Meanwhile, in battles against the Orcs, Faramir is wounded and believed to be dead, and Denethor, overcome by the loss of both his sons, decides to burn Faramir and himself alive. Pippin realizes that Faramir is regaining consciousness, and he brings Gandalf in to rescue Faramir before Denethor lights himself up. When he realizes what he is doing and that Faramir, having just been saved by Gandalf, is in fact alive, Denethor jumps off a cliff to his death into the battle below. Later, Eowyn (Miranda Otto), Théoden’s niece, and Merry hide amongst the men fighting, and Théoden is mortally wounded by a head Orc known as Gothmog the Witchking (Lawrence Makoare). Eowyn ends up defeating him (in a pretty awesome scene, if you ask me), but she is unable to save her uncle before he dies in her arms.

     Frodo, in Shelob’s lair, fights the spider off for a while and then finally is attacked by Gollum. Frodo throws Gollum off the side of the lair, and continues on his way until he is finally poisoned by Shelob. Sam, knowing that Gollum had lied to Frodo, goes to rescue Frodo but believes him to be dead. He hides as some Orcs come and get Frodo’s limp but still living body. Sam follows them and eventually rescues Frodo from their clutches, and the two continue on their way.

     They finally approach Mount Doom, and Frodo’s strength is starting to lessen and lessen. In a powerful scene, as Frodo, wide-eyed and hardly conscious, is burdened by the Ring, Sam asks him if he remembers the sights, smells, and memories of the Shire.

FRODO: No, Sam. I can't recall the taste of food, nor the sound of water, nor the touch of grass. I'm naked in the dark, with nothing, no veil between me... and the wheel of fire! I can see him... with my waking eyes!

SAM: Then let us be rid of it, once and for all! Come on, Mr. Frodo. I can't carry it for you, but I can carry you! Come on!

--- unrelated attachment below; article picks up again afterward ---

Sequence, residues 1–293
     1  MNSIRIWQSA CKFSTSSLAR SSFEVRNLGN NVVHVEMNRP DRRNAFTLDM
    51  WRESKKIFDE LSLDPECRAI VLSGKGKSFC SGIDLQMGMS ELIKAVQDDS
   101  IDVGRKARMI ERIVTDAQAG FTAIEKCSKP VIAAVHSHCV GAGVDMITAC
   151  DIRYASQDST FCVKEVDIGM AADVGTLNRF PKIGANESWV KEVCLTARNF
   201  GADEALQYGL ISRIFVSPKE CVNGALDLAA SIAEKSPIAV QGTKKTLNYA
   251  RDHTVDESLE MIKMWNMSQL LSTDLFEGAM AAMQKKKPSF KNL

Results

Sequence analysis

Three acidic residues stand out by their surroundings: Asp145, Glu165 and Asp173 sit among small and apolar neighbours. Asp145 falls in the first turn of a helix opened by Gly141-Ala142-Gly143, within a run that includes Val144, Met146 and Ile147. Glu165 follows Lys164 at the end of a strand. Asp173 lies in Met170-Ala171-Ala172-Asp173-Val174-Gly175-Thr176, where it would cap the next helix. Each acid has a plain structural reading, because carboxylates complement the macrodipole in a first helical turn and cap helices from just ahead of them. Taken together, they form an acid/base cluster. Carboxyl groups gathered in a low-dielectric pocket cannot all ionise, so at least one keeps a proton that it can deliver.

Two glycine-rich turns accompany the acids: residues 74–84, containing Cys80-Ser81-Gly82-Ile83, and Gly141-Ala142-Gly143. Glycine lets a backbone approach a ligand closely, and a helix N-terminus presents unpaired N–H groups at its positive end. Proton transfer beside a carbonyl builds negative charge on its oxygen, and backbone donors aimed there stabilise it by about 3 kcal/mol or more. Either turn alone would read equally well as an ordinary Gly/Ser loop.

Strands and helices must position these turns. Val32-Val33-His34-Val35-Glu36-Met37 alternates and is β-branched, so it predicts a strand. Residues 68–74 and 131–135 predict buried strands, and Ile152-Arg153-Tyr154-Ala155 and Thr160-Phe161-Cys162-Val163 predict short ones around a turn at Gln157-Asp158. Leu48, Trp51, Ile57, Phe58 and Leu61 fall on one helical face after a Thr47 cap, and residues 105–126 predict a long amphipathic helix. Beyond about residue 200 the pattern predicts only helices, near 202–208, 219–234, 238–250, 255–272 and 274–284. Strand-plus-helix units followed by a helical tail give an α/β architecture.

And as he indeed carries Frodo slowly up the mountain, the character of Samwise Gamgee is an excellent example in “The Return of the King” acting like Christ. Even though Sam cannot carry Frodo’s burden, he is committed enough to his friend and to the task at hand to physically carry him—which in a literal sense is powerful enough, but to think of Sam’s support through this entire journey is absolutely incredible. And just as Sam tries to make Frodo’s burden lighter, Jesus does the same for us: He tells us, “Come to me, all you who are weary and burdened, and I will give you rest. Take my yoke upon you and learn from me, for I am gentle and humble in heart, and you will find rest for your souls. For my yoke is easy and my burden is light.” (Matthew 11:28-30)

     Long story short, Gollum shows up again, fights Frodo above the fires of Mount Doom, bites off Frodo’s ring finger, and falls with the Ring into the fire, and Sam rescues Frodo from Mount Doom as it collapses and Sauron is destroyed. Gandalf sends eagles to rescue the two Hobbits, the Fellowship of the Ring sans Boromir is reunited, and Aragorn, heir of king Isildur (a detail which I probably should have mentioned at the beginning of this series), is crowned king.